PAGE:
Bliss #1 Review: A Comic Starring Lin-Manuel Miranda!?

Bliss #1
A surrealist comic with elements of urban anime and Gotham that poses to its readership an interesting question about morality.

The Coyotes team of writer Sean Lewis and artist Caitlin Yarsky reunite for a new comic over at Image, the surrealist Bliss. This new eight-issue series, which examines the morality of a murderer who committed his crimes in order to save his sick son, debuted last week with its first issue. Coyotes was as beautifully drawn as it was unique, but how will Bliss #1 new title measure up?

Bliss #1 cover. Credit: Image Comics.
Bliss #1 cover. Credit: Image Comics.

Bliss is reminiscent of a gritty, urban anime in that it creates a world, not unlike ours, where the crime is extreme, and it isn't shocking to turn down an alley and be introduced to a trio of Jabba-esque demon gods. It is structured as a trial against a murderer, though not like any recognizable court case we would know, as his son tells his story. We see this through flashback as his father struggles to make ends meet for his wife and sick son in a city that feels like Gotham on a, particularly bad night. The story is experimental and poetic, leaving a lot of space for interpretation as the reader is made to empathize with the lead character… before meeting his victims. It's more surreal than most modern comics, similar actually to Vita Ayala and Lisa Sterle's Submerged from Vault Comics. Bliss is successful with its first issue, creating a world and moral quandary that sticks with the reader after the final page is taken in, but it also seems like it will be a stronger read as a trade paperback. Not all stories are meant to be serialized, and this seems like one that would benefit from being read in one sitting.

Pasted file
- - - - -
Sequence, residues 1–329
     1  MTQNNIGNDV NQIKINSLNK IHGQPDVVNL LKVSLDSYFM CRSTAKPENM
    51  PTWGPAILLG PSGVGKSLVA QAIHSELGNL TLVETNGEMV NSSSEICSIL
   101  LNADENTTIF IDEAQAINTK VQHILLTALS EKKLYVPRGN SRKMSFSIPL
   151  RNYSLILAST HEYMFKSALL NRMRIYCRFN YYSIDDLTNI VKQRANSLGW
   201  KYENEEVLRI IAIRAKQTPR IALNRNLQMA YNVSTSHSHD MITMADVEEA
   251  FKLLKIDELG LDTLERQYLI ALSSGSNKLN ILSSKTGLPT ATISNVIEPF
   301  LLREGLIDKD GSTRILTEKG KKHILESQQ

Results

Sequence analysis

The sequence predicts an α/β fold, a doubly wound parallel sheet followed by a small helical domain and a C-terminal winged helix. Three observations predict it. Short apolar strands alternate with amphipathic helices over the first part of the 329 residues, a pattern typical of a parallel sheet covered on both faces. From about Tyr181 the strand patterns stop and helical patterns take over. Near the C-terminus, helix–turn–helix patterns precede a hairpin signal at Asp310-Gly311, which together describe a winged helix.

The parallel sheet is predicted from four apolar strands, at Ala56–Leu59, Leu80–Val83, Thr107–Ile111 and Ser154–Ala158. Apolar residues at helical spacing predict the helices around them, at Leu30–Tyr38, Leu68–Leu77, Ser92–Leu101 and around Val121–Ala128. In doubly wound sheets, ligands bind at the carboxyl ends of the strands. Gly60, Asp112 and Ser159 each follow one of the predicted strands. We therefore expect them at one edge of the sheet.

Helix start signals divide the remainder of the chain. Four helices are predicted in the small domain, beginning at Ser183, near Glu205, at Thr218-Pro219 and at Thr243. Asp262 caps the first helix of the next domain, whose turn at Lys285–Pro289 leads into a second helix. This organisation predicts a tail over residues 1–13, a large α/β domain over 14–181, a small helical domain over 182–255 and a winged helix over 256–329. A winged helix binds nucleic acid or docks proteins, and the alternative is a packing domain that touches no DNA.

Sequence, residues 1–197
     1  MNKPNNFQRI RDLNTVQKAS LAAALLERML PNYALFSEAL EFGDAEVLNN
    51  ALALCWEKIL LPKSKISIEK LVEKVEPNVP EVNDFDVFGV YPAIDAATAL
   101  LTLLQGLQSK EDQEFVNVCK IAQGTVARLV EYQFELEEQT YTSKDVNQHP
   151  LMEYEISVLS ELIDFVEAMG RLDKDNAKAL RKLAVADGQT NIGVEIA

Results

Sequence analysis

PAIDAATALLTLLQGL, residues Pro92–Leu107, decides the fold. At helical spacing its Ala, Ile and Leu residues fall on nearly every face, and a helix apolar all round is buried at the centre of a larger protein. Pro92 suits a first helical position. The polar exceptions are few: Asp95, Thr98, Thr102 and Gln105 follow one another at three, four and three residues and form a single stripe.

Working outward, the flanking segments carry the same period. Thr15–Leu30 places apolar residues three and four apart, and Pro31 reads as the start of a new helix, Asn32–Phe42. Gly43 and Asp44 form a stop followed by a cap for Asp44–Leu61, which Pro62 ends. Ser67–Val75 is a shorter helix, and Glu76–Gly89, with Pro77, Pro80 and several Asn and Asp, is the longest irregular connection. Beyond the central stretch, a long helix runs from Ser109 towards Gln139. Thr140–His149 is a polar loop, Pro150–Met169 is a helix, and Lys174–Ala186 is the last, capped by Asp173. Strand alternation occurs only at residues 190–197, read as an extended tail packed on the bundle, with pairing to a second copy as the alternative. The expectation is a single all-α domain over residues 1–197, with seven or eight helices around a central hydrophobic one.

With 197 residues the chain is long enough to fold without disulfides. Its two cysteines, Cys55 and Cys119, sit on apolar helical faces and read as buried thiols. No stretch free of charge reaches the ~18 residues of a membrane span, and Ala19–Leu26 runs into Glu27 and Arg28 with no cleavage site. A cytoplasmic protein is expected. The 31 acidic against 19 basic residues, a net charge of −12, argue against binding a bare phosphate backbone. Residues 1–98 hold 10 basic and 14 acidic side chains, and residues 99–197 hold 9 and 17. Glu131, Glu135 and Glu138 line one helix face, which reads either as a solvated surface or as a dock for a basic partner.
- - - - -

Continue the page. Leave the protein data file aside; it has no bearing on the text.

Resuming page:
Caitlin Yarsky's artwork is outstanding and has historically been the best aspect of any comic she's worked on. It was true of Coyotes and is again the case here, as she lays out pages in a way that makes them feel less like a comic book scene and more like visual poems. The only weakness of this issue, and it's a small one, is that it's distracting how much the lead character looks like Lin-Manuel Miranda. It's completely understandable for characters to be visually based on famous people. However, the preciseness of the likeness is a constant reminder of the Hamilton stars face, which breaks the suspension of disbelief a bit. Otherwise, it's a perfectly drawn comic that elevates the story with its visuals at every turn.

Bliss will run for eight issues and is releasing monthly from Image Comics now.

About Theo Dwyer

Theo Dwyer writes about comics, film, and games.